Westminster’s Scottish Affairs Select Committee and Holyrood’s Infrastructure Committee should look into holding a joint inquiry into blacklisting, a member of the Scottish parliament has said. Christina McKelvie, the MSP for Hamilton, Larkhall and Stonehouse and a member of Scotland’s ruling Scottish National Party (SNP), has written to both committees following a meeting with workers’ representatives. With responsibility for employment law reserved to Westminster, but procurement devolved, the MSP argued that a joint investigation into blacklisting makes sense. An SNP news release reporting the call noted: “The Scottish government has been working alongside the Blacklist Support Group to help workers who have been blacklisted, usually because of trade union affiliations or political activity.” Christina McKelvie said: “Blacklisting is totally unacceptable and the practice must be eliminated once and for all. With employment law reserved to Westminster and procurement devolved to the Scottish parliament we need a co-ordinated approach and I have written to the chairs of the Westminster Scottish Affairs Select Committee and Holyrood’s Infrastructure Committee urging them to consider a joint inquiry into blacklisting.” She said it “seems unlikely” David Cameron’s government would undertake an enquiry, something that has been a key union demand since the blacklisting scandal blew up in 2009, adding “a joint committee inquiry offers a real opportunity to get the answers that workers deserve.”
The Health and Safety Executive (HSE) has taken additional enforcement action against Wood Treatment Ltd in Bosley, Cheshire, the scene of an explosion and fire that killed four workers on 17 July (Risks 715). The safety regulator said the latest prohibition notice is in relation to dust issues in a shed on the mill site. It prevents work activities until the issues identified, involving the processing and bagging of large amounts of paper dust in one of the sheds on site, have been resolved. This is the second prohibition notice served on the mill during the investigation into the fatal explosion. HSE said its inspectors are working with the company “to ensure safety” and added further enforcement action has not been ruled out. An improvement notice was served alongside the first prohibition notice two weeks ago, with all notices related to conditions in the sheds. HSE head of operations for the North West, Steve Smith, said: “As the investigation progresses, HSE inspectors are working with the company to identify potential and actual safety issues around the site. HSE specialists continue to assist with the collection of evidence in order to try to establish exactly what happened.” HSE said it is continuing to work closely with Cheshire Police and Cheshire Fire and Rescue Services.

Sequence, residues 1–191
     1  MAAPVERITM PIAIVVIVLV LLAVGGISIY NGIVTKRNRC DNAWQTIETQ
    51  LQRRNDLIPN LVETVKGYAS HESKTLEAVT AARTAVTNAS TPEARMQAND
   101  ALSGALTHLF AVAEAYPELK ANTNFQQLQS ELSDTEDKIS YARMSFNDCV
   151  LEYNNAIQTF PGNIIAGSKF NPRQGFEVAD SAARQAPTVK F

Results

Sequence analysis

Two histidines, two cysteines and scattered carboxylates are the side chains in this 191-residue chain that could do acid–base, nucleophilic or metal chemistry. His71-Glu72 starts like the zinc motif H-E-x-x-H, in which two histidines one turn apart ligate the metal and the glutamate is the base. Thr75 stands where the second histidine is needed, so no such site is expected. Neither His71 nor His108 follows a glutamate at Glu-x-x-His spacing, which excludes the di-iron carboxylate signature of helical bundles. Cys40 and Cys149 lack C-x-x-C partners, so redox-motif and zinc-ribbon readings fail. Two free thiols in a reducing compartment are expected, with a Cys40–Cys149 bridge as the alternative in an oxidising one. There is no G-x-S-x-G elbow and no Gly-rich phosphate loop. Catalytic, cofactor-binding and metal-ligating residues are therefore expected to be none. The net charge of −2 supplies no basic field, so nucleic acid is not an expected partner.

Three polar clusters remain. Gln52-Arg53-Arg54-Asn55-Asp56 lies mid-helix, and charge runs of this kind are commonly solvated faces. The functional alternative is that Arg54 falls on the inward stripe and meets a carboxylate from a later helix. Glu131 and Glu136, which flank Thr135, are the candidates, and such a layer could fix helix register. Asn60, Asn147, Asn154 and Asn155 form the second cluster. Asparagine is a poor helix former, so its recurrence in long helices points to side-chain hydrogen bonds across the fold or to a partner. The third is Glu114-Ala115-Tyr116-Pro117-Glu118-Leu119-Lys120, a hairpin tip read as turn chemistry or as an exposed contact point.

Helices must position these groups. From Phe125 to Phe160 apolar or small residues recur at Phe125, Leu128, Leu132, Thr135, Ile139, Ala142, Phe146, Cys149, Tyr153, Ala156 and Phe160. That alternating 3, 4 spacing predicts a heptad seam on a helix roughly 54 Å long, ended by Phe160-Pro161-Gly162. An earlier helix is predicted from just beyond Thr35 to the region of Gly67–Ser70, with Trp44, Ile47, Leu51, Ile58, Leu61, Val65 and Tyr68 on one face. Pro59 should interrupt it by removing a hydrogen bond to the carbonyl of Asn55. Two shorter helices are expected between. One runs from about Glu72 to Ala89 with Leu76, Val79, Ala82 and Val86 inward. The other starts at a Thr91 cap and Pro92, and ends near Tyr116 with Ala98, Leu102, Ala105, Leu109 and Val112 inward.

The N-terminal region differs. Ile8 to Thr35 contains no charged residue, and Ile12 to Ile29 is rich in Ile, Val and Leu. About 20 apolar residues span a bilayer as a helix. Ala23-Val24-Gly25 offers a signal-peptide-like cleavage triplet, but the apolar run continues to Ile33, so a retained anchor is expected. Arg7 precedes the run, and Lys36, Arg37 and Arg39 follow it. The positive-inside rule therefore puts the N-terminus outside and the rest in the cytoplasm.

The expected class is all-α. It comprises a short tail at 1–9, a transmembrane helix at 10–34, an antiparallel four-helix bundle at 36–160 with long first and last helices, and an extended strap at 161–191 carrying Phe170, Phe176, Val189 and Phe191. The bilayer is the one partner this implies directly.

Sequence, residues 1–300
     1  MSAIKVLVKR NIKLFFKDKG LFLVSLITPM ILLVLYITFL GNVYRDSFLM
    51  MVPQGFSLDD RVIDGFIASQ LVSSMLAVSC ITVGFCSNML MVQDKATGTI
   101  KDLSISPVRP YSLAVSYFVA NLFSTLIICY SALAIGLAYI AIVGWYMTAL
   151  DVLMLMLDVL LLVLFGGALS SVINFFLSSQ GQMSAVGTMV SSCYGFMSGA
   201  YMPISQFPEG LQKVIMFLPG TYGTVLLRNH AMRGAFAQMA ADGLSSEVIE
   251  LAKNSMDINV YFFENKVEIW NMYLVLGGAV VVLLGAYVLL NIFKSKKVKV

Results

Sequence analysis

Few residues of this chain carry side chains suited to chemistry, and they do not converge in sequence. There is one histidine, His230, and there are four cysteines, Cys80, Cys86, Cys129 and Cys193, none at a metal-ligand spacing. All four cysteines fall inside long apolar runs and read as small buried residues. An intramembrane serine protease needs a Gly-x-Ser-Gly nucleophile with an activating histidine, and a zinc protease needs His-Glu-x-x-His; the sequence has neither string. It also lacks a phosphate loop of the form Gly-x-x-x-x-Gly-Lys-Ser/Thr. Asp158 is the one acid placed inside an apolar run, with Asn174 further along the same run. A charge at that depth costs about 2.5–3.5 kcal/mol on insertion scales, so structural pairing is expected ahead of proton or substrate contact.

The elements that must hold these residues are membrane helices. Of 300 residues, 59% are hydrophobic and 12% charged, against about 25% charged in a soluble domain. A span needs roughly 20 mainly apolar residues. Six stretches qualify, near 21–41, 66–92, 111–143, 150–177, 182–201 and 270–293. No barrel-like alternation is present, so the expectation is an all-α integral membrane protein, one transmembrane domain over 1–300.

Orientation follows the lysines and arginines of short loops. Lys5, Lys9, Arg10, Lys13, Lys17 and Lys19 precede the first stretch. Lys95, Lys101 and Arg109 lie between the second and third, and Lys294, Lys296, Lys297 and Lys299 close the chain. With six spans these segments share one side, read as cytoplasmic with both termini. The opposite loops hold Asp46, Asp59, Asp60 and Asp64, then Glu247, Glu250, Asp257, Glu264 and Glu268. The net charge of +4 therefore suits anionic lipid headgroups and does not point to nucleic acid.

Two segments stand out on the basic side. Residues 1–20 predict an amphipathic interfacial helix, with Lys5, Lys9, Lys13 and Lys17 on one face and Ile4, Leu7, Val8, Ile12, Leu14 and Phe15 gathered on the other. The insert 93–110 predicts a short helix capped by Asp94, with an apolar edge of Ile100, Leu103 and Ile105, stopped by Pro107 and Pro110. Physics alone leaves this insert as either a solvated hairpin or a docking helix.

A road transport company has been convicted of criminal safety failings after a driver suffered life-changing injuries which eventually killed him. Keith Brookes fell from an unsecured ladder during an operation to unload items from a lorry at the Hertfordshire Golf and Country Club in Broxbourne on 23 November 2012. Mr Brookes, who was 59 at the time, sustained extensive brain damage as well as a broken cheekbone, collarbone and ribs. He was in a coma for four months and in hospital for a further two months. After his release from hospital he needed palliative care in a nursing home and was unable to move, swallow or communicate. He died in December 2014, aged 61, having never recovered from his injuries. The incident was investigated by the Health and Safety Executive (HSE), which prosecuted Mr Brookes’ employer, Norfolk-based David Watson Transport Ltd, after finding the company had failed to properly safeguard workers from falls. During a two week trial, a jury heard that Mr Brookes was attaching a hook and chain to an eyebolt on the top of a generator so it could be lowered from the flatbed by the lorry's crane. He used a portable ladder provided by the company to reach the eyebolt but after he attached the hook, the ladder slid and he fell some two and a half metres to the ground. At the sentencing hearing at St Albans Crown Court, judge Jonathan Carroll observed that “there was no effective plan at all and (it) was an exercise in ensuring the papers were in place rather than the product of a genuine planning process.” He added that that “the total absence of supervision in this case in my view significantly contributed to the existence of a dangerous state of affairs and thus directly in the chain of causation to the incident itself and the death of Mr Brookes.” The firm was fined £150,000 and ordered to pay costs of £88,030.69 after being found guilty of three criminal breaches of the Work at Height Regulations 2005.